So how likely is it that the results seen here represent a true benefit from remdesivir? Given the sheer number of COVID-19 trials being run, it was inevitable that some would be positive. The issue is picking out those which are positive by chance alone, or through bias in their trial design, from those that are positive because they represent a true difference. It is impossible to make that distinction from a single manuscript. This is why replication is key in science. We will only know if this was a true difference if we see it replicated in future studies.
However, we can make an estimate as to how likely those future studies are to be positive (which might be important when trying to determine what to do clinically.) In order to do so, we need to know how likely we thought it was that remdesivir worked before ACTT-1 – our pretest probability. Personally, I think our pretest probability should be incredibly low. In the history of medicine, there has never been a treatment that improves patient oriented outcomes from a viral pneumonia. Nothing works. Furthermore, we already had one RCT of remdesivir, and it was negative (although that trial was under-powered, and the results actually look pretty consistent with this study). (Wang 2020) I would have set my pretest probability of remdesivir providing a patient important outcome at 1% (at most). With a p-value of 0.001, this trial would shift that 1% pretest probability to a 35% posttest probability that remdesivir works. (This calculation is just based on statistics, and completely ignores any bias that could make this result less reliable). Therefore, I am obviously unconvinced that remdesivir works.
Let’s say that you were more optimistic than I was, and thought that there was a 10% chance that remdesivir worked. (I don’t think you could possibly go much higher than 10%, given the previous negative trial and the fact that nothing has ever worked for viral pneumonia before). In that case, the p value of 0.001 translates into an 85% chance that remdesivir works. That is promising, but not definitive (especially since these calculations completely ignore the role of bias).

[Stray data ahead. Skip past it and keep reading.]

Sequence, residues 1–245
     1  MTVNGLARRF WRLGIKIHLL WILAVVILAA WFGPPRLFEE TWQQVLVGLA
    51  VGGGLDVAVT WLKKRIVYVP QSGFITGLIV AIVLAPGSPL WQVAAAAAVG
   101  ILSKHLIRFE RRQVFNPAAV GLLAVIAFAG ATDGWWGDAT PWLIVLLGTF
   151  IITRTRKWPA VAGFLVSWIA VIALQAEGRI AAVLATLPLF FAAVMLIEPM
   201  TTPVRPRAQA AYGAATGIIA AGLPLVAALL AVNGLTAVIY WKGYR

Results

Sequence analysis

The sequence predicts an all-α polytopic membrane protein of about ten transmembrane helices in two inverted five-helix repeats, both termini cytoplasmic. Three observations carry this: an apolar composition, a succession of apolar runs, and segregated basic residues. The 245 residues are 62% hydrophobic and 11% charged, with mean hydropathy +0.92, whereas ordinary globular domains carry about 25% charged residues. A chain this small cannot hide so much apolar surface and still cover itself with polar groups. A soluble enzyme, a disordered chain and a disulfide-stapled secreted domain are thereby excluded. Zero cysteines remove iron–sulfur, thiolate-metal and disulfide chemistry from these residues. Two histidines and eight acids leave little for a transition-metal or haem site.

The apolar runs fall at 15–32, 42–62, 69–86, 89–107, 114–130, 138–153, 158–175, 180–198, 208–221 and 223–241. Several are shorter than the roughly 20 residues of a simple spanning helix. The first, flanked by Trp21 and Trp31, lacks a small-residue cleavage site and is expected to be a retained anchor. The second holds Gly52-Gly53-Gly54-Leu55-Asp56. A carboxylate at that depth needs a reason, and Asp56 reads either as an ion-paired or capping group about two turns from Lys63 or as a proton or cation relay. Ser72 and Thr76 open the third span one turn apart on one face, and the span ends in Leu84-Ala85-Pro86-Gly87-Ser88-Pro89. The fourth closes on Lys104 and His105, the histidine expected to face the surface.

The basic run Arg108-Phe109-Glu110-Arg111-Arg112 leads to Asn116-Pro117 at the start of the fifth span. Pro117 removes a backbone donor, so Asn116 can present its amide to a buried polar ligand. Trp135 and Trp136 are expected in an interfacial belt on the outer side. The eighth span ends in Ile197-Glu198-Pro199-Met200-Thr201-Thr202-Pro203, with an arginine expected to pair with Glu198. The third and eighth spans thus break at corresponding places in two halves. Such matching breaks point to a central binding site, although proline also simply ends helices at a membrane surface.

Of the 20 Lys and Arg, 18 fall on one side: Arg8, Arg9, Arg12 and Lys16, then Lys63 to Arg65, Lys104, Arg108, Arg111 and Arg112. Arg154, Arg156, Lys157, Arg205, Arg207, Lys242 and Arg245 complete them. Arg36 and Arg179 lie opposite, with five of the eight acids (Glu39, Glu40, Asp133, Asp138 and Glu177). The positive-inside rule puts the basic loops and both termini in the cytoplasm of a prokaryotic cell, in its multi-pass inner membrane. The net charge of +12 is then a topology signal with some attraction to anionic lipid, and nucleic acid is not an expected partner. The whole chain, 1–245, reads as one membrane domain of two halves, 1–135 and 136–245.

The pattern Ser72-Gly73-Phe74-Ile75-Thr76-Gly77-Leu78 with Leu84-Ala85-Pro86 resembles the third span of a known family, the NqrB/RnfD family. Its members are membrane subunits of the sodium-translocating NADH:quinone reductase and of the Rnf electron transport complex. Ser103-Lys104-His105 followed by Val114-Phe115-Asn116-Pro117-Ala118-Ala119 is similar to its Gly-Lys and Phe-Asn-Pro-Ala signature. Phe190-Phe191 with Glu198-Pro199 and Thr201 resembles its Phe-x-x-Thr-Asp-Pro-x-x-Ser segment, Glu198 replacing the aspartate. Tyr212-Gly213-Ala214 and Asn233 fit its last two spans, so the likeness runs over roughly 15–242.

Whatever pretest probability you choose, it is pretty clear that this single trial doesn’t prove that remdesivir helps (especially when you account for bias). However, it is also clear that this trial should significantly shift our position towards the possibility of remdesivir working. Whatever your prior position, it is clear that further research is needed. Thankfully, that research is already underway. (It would be an absolute travesty and completely misunderstanding of science if those trials were stopped early based on these results). The only real debate is what we do clinically while waiting for more research. If you were an optimist before this trial was published, the results are clearly enough to prescribe remdesivir while waiting. Even if you held a more pessimistic position, like me, a 35% chance of benefit might be enough to convince you to try remdesivir. Of course, trials generally underestimate the harms from our drugs, and 10% of these patients discontinued the study drug because of significant adverse events, so we are a long way from being sure about the harm benefit ratio here.
Either way, this is not a miracle cure. There may be a small benefit, and even a small benefit could be huge in the face of a pandemic, but we need to be cautious in our interpretation of any single study.
This double-blind, placebo controlled trial of remdesivir for hospitalized adult patients with COVID-19 showed an improvement in time to recovery. These are promising results. They need to be replicated before we can be sure they are true, but they may warrant the use of remdesivir in some patients while waiting for further research.
Other ACTT-1 FOAMed
Beigel JH, Tomashek KM, Dodd LE, et al. Remdesivir for the Treatment of Covid-19 — Preliminary Report. N Engl J Med. 2020 (ACTT-1)
Wang Y, Zhang D, Du G, et al. Remdesivir in adults with severe COVID-19: a randomised, double-blind, placebo-controlled, multicentre trial. The Lancet. 2020;